The biggest obstacles regarding comprehensive Emergency Operations strategies are the misconceptions and misinformation surrounding the true nature of emergency preparedness.

  1. “If something happens all I have to do is call 911.”: Help can only go so far, or be there so quickly. Your safety rests solely on your shoulders. You have to realise that, at some point, you might be on your own for a while, especially if the situation is extremely hostile. Learn to be self-reliant.
  2. “The insurance will cover everything.”: Realistically, insurance agents aren’t going to instantly rebuild and replace your losses. Also, your insurance plan might not cover some rather common terrorism or disaster related incidents.
  3. “Good preparedness is too expensive and too complicated.”: Knowing how to prepare is a life-saving skill. There are literally thousands of subtle, simple, and economical things you can do to drastically improve your emergency preparedness plan. The notion that preparedness is expensive or complicated comes from aggressively marketed, high-priced and likely unnecessary gear.
  4. “I can get free emergency preparedness information on the Internet.”: Many free sources contain really good information. However, many of them are nothing more than a rehash of “72-hour kit” ideas, and contain nothing new or comprehensive. Also, it takes time and experience to filter the mass of information. Some of these free sites have dangerous misinformation.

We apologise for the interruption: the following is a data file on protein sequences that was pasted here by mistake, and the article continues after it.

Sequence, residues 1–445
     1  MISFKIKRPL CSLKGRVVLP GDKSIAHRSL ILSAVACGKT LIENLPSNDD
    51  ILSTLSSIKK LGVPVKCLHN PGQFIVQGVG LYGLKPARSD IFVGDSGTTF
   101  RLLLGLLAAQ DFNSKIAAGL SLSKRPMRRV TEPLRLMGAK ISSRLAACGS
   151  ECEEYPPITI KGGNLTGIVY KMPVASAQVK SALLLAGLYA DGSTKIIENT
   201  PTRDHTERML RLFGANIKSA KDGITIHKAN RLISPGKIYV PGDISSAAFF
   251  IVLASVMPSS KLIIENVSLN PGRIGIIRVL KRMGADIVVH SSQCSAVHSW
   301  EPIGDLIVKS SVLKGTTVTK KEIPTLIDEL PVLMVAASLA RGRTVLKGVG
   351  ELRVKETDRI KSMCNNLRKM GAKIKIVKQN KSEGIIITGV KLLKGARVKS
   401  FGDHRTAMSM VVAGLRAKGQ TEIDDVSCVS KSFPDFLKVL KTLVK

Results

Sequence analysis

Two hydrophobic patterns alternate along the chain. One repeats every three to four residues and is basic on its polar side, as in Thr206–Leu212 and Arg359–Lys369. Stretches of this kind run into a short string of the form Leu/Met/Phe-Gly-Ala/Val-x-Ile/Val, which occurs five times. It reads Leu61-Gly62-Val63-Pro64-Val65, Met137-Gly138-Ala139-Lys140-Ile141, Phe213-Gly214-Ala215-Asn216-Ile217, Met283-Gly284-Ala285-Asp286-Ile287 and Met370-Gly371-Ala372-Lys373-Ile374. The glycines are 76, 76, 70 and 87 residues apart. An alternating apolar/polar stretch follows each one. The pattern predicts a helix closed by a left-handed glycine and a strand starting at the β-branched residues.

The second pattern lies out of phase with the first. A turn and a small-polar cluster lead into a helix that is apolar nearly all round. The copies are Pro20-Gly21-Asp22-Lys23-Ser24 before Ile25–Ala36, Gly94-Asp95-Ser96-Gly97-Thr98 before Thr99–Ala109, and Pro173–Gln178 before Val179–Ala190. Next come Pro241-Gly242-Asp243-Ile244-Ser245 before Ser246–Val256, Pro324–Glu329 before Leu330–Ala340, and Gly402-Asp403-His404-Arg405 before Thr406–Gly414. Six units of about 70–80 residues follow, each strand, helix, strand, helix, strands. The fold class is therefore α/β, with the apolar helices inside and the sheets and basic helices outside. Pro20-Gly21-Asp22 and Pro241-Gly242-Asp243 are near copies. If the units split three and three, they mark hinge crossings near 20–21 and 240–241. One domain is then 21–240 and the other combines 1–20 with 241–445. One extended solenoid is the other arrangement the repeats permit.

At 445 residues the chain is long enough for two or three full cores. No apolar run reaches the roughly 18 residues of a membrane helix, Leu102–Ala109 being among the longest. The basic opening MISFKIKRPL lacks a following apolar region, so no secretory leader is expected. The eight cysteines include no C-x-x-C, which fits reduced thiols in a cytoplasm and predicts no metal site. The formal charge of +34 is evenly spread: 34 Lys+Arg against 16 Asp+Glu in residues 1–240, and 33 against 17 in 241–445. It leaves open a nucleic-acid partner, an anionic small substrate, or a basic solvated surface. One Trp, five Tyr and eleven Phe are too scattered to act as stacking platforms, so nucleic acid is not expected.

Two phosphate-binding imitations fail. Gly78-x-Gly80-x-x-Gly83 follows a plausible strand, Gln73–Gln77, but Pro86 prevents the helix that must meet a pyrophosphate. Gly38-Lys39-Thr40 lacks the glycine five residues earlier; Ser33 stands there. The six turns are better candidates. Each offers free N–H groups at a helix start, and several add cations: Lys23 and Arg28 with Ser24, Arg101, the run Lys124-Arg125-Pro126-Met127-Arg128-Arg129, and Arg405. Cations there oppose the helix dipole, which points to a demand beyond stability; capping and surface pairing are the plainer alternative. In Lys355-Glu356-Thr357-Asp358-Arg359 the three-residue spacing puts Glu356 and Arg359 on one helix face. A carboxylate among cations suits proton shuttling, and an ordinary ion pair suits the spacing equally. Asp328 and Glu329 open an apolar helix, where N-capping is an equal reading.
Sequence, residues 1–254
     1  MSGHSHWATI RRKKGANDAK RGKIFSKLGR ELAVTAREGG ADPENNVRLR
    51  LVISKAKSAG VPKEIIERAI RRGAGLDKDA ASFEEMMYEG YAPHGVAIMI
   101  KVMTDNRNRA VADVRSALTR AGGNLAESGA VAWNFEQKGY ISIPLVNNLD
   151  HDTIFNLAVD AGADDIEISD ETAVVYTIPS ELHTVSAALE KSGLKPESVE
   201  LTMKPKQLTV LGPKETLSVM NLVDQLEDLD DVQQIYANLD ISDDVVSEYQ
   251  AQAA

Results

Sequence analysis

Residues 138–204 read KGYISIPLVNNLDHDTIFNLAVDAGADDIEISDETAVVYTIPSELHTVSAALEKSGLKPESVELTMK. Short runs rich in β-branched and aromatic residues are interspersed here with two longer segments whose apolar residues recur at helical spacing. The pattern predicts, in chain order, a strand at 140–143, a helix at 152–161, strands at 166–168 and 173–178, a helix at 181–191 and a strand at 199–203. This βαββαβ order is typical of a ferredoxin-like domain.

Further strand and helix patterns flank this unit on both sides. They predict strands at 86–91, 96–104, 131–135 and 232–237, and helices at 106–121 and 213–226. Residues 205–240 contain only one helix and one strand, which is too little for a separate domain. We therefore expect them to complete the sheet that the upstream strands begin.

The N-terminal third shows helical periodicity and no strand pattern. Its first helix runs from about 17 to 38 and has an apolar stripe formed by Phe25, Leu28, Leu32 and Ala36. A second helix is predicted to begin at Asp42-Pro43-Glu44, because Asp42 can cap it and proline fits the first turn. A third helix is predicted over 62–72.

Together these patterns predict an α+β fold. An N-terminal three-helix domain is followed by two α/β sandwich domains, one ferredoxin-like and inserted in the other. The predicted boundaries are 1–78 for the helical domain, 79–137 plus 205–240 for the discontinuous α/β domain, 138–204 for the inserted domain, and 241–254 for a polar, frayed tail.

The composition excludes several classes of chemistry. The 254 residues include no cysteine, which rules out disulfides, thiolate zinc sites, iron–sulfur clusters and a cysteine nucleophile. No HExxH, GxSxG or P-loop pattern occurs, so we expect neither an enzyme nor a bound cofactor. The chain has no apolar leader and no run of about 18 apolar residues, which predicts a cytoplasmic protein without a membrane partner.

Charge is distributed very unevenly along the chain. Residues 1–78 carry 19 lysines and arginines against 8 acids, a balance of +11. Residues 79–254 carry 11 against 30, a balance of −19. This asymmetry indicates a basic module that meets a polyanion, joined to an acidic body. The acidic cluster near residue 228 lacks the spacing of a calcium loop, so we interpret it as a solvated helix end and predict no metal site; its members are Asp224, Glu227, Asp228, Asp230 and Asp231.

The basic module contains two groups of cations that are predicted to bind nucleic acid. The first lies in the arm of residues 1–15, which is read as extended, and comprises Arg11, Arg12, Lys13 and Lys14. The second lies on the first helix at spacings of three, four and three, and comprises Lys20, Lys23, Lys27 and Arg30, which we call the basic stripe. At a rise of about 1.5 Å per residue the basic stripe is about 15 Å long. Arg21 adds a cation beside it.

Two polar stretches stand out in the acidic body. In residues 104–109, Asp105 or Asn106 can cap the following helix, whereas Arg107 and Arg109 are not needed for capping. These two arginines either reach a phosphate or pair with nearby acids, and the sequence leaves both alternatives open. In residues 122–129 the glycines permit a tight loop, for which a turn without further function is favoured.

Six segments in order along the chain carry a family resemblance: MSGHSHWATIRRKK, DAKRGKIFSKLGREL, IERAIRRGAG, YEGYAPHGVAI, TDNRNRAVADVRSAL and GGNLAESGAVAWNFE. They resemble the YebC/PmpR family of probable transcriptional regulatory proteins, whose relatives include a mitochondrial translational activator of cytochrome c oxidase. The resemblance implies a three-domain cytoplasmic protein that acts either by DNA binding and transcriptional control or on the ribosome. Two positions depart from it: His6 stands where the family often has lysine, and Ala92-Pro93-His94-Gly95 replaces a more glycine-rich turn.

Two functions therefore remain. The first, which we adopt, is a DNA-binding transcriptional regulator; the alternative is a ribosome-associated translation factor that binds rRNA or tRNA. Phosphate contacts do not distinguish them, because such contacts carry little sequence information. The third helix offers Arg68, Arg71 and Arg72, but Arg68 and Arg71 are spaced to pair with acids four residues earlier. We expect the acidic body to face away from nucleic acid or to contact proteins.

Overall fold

5. “Nothing like that could ever happen here.”: Staying out of trouble in Africa is all about staying focused, staying alert and staying aware of the dangers that can and sometimes do become reality. The single worst thing you can do is to allow the all the good things you will encounter in Africa to lull you into a false sense of security.
  6. “In a real disaster, we’re all dead anyway.”: You can be assured of being rescued if you develop a psychology of survival based on the following three attributes:
  • Tell yourself that your home comforts are not essential to survival.
  • Tell yourself that your present discomfort will be nothing as compared to the extreme discomfort you will experience if you do nothing.
  • Remember that rather than doing nothing and dying, you can take control of the situation and live.

The H.E.A.T manual covers several topics related to survival in difficult, remote and extreme environments. Reading these chapters you will acquire survival tactics and practical knowledge that will help you to cope with unfamiliar circumstances after a natural or man-made disaster and build an emergency preparedness plan.

The manual covers a range of necessary topics and gives you the knowledge to help you return home.